Chris Bennett

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Chris Bennett ROI

Chris Bennett was born in London in 1957 and studied at the Slade School of Fine Art in the early ’80s under Euan Euglow, Geoffrey Camp and Philip Sutton. He has exhibited regularly at the Royal Academy and at the Royal Institute of Oil Painters at the Mall Galleries. In 2004 Chris signed a publishing contract with DeMontfort Fine Art who license selected works as open and limited editions in the UK, Japan and the USA. His paintings are exhibited and sold in prestigious galleries around the UK. A notable commission is a portrait of Sir William Hawthorne, now in the collection of Churchill College, Cambridge, who, with Sir Frank Whittle, designed the first jet engine.

Why do I make Art?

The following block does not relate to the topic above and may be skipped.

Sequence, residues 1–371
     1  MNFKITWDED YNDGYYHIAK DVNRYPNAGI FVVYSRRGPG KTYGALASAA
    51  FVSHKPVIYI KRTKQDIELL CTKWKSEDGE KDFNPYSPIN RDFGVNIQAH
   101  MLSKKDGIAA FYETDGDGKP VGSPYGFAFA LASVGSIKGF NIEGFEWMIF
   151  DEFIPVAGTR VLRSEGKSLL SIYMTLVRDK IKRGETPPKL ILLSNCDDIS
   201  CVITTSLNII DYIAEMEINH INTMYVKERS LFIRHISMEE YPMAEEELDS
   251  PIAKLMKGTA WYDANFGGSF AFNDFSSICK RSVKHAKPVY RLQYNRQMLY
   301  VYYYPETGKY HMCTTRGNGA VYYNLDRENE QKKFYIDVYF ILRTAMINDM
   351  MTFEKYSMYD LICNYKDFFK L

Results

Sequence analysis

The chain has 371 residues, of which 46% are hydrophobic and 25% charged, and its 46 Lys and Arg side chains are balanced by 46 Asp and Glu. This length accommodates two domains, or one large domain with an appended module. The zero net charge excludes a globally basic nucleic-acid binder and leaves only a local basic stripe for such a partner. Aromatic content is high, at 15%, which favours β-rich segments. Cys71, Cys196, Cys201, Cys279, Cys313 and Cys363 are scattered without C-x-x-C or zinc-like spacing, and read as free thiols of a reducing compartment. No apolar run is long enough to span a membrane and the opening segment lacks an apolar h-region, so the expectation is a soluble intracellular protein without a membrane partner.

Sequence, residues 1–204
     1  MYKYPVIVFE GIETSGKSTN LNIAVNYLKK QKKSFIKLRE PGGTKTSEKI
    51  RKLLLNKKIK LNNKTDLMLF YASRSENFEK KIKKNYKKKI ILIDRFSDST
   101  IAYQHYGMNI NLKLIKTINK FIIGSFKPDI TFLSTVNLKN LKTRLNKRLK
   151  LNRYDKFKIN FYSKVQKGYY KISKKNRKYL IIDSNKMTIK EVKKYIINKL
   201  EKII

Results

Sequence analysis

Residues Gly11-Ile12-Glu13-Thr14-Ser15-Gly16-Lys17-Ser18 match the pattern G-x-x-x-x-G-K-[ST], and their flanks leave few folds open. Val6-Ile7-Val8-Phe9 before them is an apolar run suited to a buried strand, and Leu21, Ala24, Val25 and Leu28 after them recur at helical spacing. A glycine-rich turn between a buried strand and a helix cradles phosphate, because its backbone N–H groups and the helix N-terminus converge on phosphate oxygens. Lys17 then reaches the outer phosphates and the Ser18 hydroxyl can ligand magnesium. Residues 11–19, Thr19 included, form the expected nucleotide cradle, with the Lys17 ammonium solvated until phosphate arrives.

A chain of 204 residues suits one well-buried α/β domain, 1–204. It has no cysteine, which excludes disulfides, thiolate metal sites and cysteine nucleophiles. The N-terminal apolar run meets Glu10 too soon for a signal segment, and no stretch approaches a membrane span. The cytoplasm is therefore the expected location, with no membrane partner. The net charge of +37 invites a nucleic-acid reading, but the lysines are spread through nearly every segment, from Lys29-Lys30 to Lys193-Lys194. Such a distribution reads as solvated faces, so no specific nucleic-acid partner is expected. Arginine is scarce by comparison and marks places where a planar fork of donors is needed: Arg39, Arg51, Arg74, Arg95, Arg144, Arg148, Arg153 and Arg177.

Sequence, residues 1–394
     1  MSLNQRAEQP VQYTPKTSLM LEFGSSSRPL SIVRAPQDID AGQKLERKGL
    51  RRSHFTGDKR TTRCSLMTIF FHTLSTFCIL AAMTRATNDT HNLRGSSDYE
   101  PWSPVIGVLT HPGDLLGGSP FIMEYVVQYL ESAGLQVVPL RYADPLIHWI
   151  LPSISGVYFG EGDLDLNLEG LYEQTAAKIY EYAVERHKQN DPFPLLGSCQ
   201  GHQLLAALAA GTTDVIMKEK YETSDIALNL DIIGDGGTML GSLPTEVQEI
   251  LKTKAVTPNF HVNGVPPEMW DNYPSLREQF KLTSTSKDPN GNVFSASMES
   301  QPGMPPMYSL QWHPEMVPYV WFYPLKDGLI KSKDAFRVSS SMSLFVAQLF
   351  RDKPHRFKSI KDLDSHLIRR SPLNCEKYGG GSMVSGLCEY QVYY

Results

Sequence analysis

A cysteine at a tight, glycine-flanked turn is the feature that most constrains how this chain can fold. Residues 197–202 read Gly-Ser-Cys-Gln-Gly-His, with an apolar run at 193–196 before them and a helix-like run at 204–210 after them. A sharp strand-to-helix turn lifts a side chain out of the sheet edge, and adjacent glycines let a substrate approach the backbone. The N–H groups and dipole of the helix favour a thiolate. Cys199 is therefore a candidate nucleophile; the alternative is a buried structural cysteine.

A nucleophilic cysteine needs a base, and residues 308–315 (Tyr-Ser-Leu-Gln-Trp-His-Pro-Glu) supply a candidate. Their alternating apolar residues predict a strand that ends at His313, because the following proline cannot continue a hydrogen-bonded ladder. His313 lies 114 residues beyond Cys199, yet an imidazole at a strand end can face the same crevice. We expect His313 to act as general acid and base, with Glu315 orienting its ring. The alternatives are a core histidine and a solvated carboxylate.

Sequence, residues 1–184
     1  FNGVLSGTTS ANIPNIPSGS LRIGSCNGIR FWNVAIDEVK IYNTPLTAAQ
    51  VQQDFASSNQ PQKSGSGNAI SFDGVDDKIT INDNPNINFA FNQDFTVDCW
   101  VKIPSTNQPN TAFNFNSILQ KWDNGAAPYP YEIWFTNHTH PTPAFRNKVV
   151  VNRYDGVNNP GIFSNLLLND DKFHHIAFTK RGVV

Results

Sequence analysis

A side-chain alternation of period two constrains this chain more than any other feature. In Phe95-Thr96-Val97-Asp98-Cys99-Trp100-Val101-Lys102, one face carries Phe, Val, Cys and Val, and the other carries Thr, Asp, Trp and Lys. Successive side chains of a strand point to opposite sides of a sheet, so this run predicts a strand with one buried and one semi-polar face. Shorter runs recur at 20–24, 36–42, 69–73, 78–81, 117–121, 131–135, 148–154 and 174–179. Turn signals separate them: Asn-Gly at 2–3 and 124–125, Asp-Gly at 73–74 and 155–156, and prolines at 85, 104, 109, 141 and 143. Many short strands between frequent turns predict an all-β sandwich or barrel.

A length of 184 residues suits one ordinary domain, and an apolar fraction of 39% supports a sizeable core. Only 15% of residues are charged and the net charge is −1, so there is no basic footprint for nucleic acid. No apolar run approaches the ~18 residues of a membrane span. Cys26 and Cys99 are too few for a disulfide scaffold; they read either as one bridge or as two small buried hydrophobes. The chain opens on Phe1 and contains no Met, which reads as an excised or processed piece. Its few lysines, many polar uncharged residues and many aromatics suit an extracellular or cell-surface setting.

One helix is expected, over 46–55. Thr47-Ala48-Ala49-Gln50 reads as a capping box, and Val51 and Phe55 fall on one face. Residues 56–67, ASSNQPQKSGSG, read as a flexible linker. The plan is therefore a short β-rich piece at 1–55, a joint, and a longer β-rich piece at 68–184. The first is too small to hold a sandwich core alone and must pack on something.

Because I believe that deep, deep down, below the accidentals of life’s surface, others feel as I feel. I try to put together something requiring no outside associations other than our human commonality in order to read it. And because of its completeness within its self-inferred rules, it will hopefully communicate a sentient resolution of this feeling. The purpose of this: a flower releasing its pollen, so the need to share what little fruits we have with others. In other words, I am talking about what is there when the allegory and journalism are skimmed off. When I was nine, my school took me to the British Museum to see the Elgin Marbles. At this stage I’m about as near to innocent as I’m ever likely to be – a modern working class lad who knows jack shit about ancient mythology other than vague notions from ‘Jason and the Argonauts’ and the Hercules movies my dad took me to see. But I remember the effect those marbles had on my young mind. That assembly of weird stone-shaped bodies was like a frozen wave, dead and alive at the same time. I was looking at some compelling game of ordered stone, a silent music of mass; heaving, swinging, tumbling, pushing, leaning and tying. But resembling people. Gazing over that group of figures, they were like cams turning in my mind; setting off back-engineered movements in my human psyche that reciprocated whatever those who fashioned it were feeling. I later learned about what these metamorphic rock figures had to do with the belief system of one of the ancient cradles of modern civilisation. Yet however fascinating, awesome and significant this information was, it had nothing to do with the direct physical resonance I believe to be the aesthetic grammar of our species. Describing a sugar lump and tasting it. The difference between a lecture on wind dynamics and seeing a yacht straining under full sail. Natch?